A “Lights for Liberty” vigil in Chestertown’s Memorial Park Friday, July 12, drew some 125 residents to protest the incarceration of immigrant children in what are being called concentration camps located both near the US border with Mexico and in other states. The vigil featured speakers, music, and prayers for the children in the camps, which have drawn widespread criticism for crowding and inhumane conditions.

Heather Mizeur, organizer of the vigil  — Photo by Jane Jewell

Soul Force Politics, a political action group created by former Maryland Delegate and gubernatorial candidate Heather Mizeur, organized the event. Mizeur opened the proceedings, noting that the candlelight vigil on Friday was one of hundreds being held around the nation and internationally, with some sources estimating over 1,000 such events world-wide. She said the purpose of the vigils was to call attention to the presence of the camps and the conditions of the children “in a nice way.” She then called out, “(Rep.) Andy Harris, are you here? We’re trying to send you a message.” As the Stam Hall clock tolled 9 p.m., she said the attendees were there “to toll the bell for a different way” of treating the refugees in the camps. “This isn’t going to stand any longer,” she said.  It was important, she stressed, that we bring both intention and attention to the situation.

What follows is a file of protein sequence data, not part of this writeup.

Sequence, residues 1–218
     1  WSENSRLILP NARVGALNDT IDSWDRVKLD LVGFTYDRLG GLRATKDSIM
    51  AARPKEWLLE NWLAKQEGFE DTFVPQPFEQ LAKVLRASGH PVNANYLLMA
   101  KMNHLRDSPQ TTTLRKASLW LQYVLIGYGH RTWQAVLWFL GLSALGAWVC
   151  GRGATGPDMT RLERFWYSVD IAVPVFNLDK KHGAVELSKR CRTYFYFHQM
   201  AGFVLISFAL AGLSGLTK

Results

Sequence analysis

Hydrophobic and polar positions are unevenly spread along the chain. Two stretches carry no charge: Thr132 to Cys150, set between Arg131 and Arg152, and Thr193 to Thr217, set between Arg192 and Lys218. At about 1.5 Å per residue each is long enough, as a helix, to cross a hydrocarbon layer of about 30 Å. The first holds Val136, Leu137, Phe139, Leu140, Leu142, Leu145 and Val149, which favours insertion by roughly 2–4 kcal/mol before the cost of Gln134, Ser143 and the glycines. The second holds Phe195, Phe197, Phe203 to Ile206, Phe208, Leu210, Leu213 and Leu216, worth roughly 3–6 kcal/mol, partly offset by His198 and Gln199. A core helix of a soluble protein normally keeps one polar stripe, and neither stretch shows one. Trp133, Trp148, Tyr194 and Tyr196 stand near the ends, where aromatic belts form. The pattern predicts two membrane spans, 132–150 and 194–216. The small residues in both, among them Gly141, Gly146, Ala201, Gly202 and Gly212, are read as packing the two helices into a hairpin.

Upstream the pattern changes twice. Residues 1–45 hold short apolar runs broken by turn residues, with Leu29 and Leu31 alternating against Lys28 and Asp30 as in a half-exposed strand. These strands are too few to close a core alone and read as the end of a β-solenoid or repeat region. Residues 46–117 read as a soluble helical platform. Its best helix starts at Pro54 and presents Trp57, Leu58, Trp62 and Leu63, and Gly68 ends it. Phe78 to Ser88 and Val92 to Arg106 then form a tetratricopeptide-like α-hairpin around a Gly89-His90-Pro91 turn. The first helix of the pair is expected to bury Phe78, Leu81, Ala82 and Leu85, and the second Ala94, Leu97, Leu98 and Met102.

Fredy Granillo then took the microphone for a song in Spanish, which he dedicated to all Latino people. He asked the crowd to make an effort to see that Latino people they meet in the community are comfortable and feel welcomed. As he sang, the crowd joined in on the chorus, “Sobreviviendo” (“surviving”).

Alana Watson of Students Talking About Racism (STAR)   — Photo by Peter Heck

The next speaker was Alana Watson, of the Students Talking About Racism (STAR) group at the Kent County public schools. She said it was shameful that children are being imprisoned, and noted the words of the Pledge of Allegiance, “liberty and justice for all.” She said that while the damage of the camps is not being done “in our backyard,” it’s necessary to shine a light on it to make everyone aware. She characterized the children in the camps as “people without someone to bring them justice… We need to be those people.” She ended by recalling the July 4th celebrations in Rock Hall, with the song “Proud to Be an American” playing, while the children in the camps were cold and alone. “I hope they know that we care,” she said.

Bob and Pam Ortiz and Ford Schumann then joined Granillo for more music. Bob Ortiz said that his own family was part of the first wave of Latino immigrants to the U.S. that arrived between the end of the Spanish American War in 1898 and World War II. Granillo joined in on the song, “Vaya con Norte,” (“Go North”) with the audience singing along with the chorus. Ortiz said he had only recently learned that Puerto Ricans are only “provisional” citizens.

Fredy Granillo, Pam Ortiz, Ford Schumann, and Bob Ortiz perform a Puerto Rican song   — Photo by Jane Jewell